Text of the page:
Do I Have To List My Business Assets on My Personal Bankruptcy?

This is an excellent question.  For the most part, our bankruptcy clients who have businesses fall into two categories. The first category consists of those who feel as though they and their business are “one” entity. The second category consists of those who feel as though their business is a completely separate entity. Often, when clients drop their paperwork off at our office and we question what business assets exist, clients will reply, “Well, that doesn’t belong to me, that belongs to my business.”  So the real question is: what needs to be listed as assets in your bankruptcy and what does not?

Technically, ALL of your assets need to be listed.  Therefore, going back to our previous blog post on whether or not tools are protected we can examine debtor-owned businesses based upon the same scenarios.  Let’s use the example of Joe Blow’s Lawn Care.  Joe owns Joe Blow’s Lawn Care.  The lawn mower, rakes, blower, hedgers, etc. all belong to Joe. If he decided to no longer run the company next week, the only difference would be that the tools would move from his truck to his garage at home. These tools would need to be listed in Joe’s personal property and protected by the exemption known as “Tools of the Trade” as long as Joe is using them in his business. If Joe were to be sued, he would need to protect those tools as he would any other asset (such as a bank account or vehicle) he has from seizure.

Referring back to the same situation as discussed in the previous blog post, let’s use the scenario that Joe went to the Secretary of State and registered his company as a corporation.  Now Joe Blow’s Lawn Care, Inc. is the owner of the tools.  Even though the company at this point in time owns the tools, let us not forget that in the end scheme of things the debtor owns the company.  That company is an asset in itself; therefore the tools would be listed on the business balance sheet, included as an asset and the Joe’s portion of equity from the corporation must be listed in the bankruptcy and protected.

Regardless of how large or small, the court looks as personal assets all in the same; they need to be listed and at least attempted to be protected in the bankruptcy.  Again, it goes back to the confusing question of how the business should be treated for bankruptcy purposes.  Since businesses can get quite complicated at times, we strongly suggest that you thoroughly discuss your business and any other assets you or your business may have with your attorney so they may advise you properly to ensure your assets are protected.

What Happens After My Free Bankruptcy Consultation?

After your free bankruptcy consultation, you may choose to sign a contract.  We will thoroughly explain each section of the contract, answer any other questions that you may have and allow you as much time as necessary to review our work agreement.  At this time we can set you up on an easy payment plan, which allows you to give us an estimate of a time frame of when you expect to file and allows you to make payments toward the attorney fees.

We will then give you your paperwork, along with an example of the paperwork as a quick reference guide.  We will explain in detail the documents needed to file, and the process of turning them in.  Lastly, you’ll get an email contact of someone in the office should you have any further questions.  No matter what, we want you to be as informed as possible and we want this process to be smooth and efficient for you!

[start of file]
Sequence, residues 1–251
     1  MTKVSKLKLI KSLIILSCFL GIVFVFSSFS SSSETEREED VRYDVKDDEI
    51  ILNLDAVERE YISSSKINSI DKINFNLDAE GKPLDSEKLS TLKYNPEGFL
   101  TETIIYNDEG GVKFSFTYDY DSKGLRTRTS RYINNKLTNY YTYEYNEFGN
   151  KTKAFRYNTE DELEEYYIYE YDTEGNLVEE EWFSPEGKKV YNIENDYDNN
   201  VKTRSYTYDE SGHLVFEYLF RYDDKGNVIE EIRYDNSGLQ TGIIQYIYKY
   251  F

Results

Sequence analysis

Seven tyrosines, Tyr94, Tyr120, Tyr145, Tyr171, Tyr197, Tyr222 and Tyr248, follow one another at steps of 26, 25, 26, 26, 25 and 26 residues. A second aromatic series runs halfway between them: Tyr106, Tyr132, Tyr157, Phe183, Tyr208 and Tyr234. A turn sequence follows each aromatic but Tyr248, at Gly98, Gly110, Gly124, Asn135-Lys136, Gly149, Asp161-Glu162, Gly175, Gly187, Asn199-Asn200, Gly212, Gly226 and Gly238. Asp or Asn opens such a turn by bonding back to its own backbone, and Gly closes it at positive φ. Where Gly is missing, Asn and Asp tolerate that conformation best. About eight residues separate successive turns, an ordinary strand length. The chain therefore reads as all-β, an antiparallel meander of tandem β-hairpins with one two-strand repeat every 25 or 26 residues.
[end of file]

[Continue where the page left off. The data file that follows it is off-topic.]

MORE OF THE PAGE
In other words, you choose what the next steps are after your consultation.  You may choose to file bankruptcy with our law firm or you may wish to think about some of your options.  Again, we are here to answer questions as they come about.  We hope we get the opportunity to earn your business and we look forward to working with you. Contact us to get your fresh financial start today!

Important Issues When Completing Your Bankruptcy Paperwork

The foundation of your bankruptcy starts with your paperwork.  We find it easier to gather all of your documents and then start to fill out your workbook.  When gathering all of your documents, make sure that they are all there.  We would rather receive too much information than not enough.  The documents themselves determine quite a few things in your bankruptcy- your pay determines whether you qualify for a Chapter 7 bankruptcy or not;  or how much you can pay back in a Chapter 13 bankruptcy.  Papers from the purchase of vehicles show whether or not to pay the car back in full or at the value of the vehicle.  These all have an impact on your bankruptcy plan.  Sometimes one piece of paper can save you several hundred dollars in your Chapter 13 plan  (well worth the effort of gathering them!).

Make sure that you list anything and everything that is in your possession, especially if there is a papertrail to it; we will try to protect everything that you have.  Leaving things out only hurts you in the future.  You definitely do not want to be called to court because you were trying to keep a possession hidden.   List all creditors’ account numbers and addresses; if they cannot locate your account, it may not be taken care of.  Above all, just make sure to fill out the workbook completely; if it is not filled out, we will ask for the answer either way,  it makes it less work for you if it is done correctly in the first place.